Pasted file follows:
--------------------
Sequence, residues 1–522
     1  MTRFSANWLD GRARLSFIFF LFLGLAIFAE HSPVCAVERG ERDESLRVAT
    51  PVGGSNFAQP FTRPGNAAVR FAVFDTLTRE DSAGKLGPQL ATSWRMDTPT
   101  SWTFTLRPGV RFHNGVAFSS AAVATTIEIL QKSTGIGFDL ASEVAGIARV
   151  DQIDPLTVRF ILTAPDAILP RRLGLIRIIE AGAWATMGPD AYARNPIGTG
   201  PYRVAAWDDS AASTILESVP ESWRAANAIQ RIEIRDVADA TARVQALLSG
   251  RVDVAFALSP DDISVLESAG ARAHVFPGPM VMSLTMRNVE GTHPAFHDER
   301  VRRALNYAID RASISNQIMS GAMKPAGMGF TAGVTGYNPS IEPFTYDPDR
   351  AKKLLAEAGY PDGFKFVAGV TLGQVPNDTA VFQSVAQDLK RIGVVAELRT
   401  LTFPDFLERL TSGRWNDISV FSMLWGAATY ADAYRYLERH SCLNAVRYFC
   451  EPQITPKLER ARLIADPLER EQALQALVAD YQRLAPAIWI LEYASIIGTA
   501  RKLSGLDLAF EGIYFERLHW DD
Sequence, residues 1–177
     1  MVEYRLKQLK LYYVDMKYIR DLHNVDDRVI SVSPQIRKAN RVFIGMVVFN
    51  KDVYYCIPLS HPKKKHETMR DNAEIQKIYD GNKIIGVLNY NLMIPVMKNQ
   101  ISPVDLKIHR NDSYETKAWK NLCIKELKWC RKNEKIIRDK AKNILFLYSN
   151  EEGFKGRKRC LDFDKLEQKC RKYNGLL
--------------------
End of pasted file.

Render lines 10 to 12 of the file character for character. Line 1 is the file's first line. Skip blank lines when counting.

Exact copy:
   401  LTFPDFLERL TSGRWNDISV FSMLWGAATY ADAYRYLERH SCLNAVRYFC
   451  EPQITPKLER ARLIADPLER EQALQALVAD YQRLAPAIWI LEYASIIGTA
   501  RKLSGLDLAF EGIYFERLHW DD